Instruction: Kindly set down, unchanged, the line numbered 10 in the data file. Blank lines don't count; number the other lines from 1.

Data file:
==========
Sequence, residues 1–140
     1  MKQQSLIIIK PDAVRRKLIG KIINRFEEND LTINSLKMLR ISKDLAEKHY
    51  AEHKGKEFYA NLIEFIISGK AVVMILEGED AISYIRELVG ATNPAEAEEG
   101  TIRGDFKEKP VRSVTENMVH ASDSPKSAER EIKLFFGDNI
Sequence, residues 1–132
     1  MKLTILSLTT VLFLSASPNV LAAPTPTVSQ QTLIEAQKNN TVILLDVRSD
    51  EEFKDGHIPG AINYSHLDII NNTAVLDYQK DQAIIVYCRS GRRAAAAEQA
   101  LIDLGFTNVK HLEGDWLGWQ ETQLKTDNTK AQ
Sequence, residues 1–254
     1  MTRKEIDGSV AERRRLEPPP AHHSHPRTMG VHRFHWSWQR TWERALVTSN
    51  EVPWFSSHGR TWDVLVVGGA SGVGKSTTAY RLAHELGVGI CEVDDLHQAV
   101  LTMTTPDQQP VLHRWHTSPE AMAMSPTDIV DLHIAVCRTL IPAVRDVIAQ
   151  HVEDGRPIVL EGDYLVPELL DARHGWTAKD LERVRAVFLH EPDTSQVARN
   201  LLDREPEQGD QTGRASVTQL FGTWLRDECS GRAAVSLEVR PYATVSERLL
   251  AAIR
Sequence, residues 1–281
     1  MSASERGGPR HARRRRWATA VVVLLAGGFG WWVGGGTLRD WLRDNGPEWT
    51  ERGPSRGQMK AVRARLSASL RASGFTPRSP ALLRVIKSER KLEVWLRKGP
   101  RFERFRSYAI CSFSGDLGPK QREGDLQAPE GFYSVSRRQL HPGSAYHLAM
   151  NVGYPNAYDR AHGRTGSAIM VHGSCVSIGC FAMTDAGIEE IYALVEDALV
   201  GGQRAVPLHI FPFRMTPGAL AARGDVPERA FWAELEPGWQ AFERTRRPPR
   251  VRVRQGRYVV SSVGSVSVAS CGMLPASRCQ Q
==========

     1  MTRKEIDGSV AERRRLEPPP AHHSHPRTMG VHRFHWSWQR TWERALVTSN